Canadian-Funded IMPACT Justice Takes CLPD Sensitisation Lecture to Belize

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The Canadian Government-funded, Improved Access to Justice in the Caribbean (IMPACT Justice), in collaboration with the Guyana Bar Association, held a meeting to sensitise attorneys-at-law in Belize about continuing legal professional development (CLPD). The meeting was held at the Best Western Belize Biltmore Plaza Hotel, Belize City, on May 2, 2016.

The initiative is part of IMPACT Justice’s continued region-wide sensitisation programme on mandatory continuing legal professional development.


In her Welcome Address, Professor Velma Newton, Regional Project Director of IMPACT Justice noted that the project is one funded by the Canadian government and has the ultimate goal of improving access to justice for the benefit of men, women, youth and businesses in CARICOM Member States.

She outlined the project components as:

  • the drafting of legislation for the economic and social development of the region;
  • improving legal professionalism through enhanced codes of ethics, disciplinary procedures and the encouragement of bar associations to adopt continuing legal profession programmes for their members;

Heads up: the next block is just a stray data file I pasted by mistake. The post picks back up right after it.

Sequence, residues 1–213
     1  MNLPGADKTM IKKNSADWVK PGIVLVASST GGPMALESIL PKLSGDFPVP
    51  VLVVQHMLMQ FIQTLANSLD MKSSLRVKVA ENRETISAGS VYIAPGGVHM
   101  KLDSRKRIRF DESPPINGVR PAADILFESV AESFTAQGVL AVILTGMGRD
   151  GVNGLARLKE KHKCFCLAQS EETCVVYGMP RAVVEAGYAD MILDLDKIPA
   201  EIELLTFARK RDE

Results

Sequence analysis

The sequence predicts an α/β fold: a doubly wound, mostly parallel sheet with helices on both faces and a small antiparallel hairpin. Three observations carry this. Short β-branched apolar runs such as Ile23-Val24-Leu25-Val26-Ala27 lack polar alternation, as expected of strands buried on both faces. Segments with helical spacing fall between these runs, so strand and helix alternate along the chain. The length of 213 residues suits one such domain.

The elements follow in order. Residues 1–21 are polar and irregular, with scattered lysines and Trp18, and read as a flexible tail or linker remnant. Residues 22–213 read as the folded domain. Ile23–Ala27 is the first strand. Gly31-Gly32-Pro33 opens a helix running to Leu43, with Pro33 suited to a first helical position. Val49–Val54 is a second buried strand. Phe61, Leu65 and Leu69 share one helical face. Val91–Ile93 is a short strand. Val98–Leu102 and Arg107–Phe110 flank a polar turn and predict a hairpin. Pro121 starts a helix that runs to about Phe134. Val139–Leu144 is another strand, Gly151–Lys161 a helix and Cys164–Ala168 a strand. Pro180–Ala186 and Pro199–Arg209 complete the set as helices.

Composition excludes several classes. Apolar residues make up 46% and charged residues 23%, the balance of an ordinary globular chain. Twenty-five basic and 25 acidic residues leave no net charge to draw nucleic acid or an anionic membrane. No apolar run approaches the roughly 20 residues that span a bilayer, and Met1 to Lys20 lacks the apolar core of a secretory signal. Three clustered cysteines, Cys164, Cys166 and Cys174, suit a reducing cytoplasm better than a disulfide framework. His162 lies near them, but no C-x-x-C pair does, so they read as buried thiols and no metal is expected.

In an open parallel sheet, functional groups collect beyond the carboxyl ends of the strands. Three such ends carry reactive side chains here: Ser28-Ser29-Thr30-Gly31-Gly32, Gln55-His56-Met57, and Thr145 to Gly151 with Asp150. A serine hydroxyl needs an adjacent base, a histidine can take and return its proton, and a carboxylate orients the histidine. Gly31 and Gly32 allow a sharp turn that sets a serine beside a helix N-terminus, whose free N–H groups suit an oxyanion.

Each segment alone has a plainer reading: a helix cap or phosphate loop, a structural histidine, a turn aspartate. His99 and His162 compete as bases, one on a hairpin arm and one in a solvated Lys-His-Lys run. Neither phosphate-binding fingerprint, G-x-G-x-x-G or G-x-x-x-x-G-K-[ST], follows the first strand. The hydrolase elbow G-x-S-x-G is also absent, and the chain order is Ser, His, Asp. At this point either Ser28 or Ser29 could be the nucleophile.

• improving and expanding databases of court decisions and legislation and articles published in the region which are available to lawyers and to any members of the public who want to do legal research;
  • public legal education; and
  • training in alternative dispute resolution which includes arbitration, mediation, restorative practices and community-based peace-building.

Delivering the feature presentation was Hon. Michael Hylton, O.J., Q.C., Chairman of the General Legal Council of Jamaica.

Michael Hylton

Hon. Michael Hylton, Q.C.

In his presentation; “Continuing Legal Professional Development: The Jamaica Model,” Hylton shared how the CLPD programme was implemented in Jamaica.

He said that Jamaica implemented mandatory CLPD in January of 2013, and that it is based on a system of credits where each attorney is required to attain a certain number of credits each year; adding that where more than is needed for a calendar year is attained, those credits can be carried forward.

Hylton said that the means through which an attorney can accumulate credits include, formal education—encompassing reading for a Masters or other continuing programmes, teaching or writing or other legal learning or practice-based work. He however noted that most attorneys get their credits from attending seminars. Hylton added that accreditation certificates are awarded at the end of the acquisition of the requisite credits and that attorneys who have not attained their credits receive periodic warnings to ensure compliance.

Although he termed the Jamaican model of CLPD a “huge success,” Hylton acknowledged that there is room for development in several areas which the Council will address. The session concluded with a “Question and Answer” segment and a Vote of Thanks delivered by the President of the Belize Bar Association, Ms. Priscilla Banner.


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